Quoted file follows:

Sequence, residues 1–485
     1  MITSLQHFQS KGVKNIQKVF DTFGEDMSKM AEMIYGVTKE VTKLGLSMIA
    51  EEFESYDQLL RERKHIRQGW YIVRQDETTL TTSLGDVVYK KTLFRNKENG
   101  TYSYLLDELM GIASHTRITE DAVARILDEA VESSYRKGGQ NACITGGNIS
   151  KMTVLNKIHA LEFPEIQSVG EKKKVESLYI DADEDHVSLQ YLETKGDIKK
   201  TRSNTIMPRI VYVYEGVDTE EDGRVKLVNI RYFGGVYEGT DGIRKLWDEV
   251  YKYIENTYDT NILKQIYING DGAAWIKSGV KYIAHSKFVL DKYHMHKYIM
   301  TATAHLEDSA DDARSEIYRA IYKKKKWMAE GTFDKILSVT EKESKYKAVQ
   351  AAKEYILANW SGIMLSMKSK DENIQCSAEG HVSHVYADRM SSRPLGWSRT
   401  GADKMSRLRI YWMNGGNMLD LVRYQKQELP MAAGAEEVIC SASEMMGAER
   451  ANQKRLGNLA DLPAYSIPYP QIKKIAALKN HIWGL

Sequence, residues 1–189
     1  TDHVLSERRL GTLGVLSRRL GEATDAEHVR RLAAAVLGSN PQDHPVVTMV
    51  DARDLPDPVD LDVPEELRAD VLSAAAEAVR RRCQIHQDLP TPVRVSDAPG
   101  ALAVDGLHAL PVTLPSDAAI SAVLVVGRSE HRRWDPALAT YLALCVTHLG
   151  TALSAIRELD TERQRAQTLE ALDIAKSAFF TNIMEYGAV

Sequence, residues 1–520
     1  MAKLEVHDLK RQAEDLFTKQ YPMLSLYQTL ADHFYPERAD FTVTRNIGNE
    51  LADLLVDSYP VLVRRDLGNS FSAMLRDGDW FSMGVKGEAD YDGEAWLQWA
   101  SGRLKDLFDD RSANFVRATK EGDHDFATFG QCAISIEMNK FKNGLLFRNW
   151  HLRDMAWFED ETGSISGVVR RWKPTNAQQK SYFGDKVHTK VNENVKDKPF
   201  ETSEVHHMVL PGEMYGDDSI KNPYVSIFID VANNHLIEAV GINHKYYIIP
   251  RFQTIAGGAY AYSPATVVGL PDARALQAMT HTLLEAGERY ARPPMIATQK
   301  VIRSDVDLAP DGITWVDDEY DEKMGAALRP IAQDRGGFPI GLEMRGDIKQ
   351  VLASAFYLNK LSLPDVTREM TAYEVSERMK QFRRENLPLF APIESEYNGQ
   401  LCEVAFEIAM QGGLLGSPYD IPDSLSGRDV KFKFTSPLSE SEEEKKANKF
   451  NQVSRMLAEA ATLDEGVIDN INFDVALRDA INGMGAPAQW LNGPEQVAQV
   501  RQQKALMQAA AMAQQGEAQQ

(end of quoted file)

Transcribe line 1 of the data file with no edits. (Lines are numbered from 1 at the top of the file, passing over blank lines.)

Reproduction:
Sequence, residues 1–485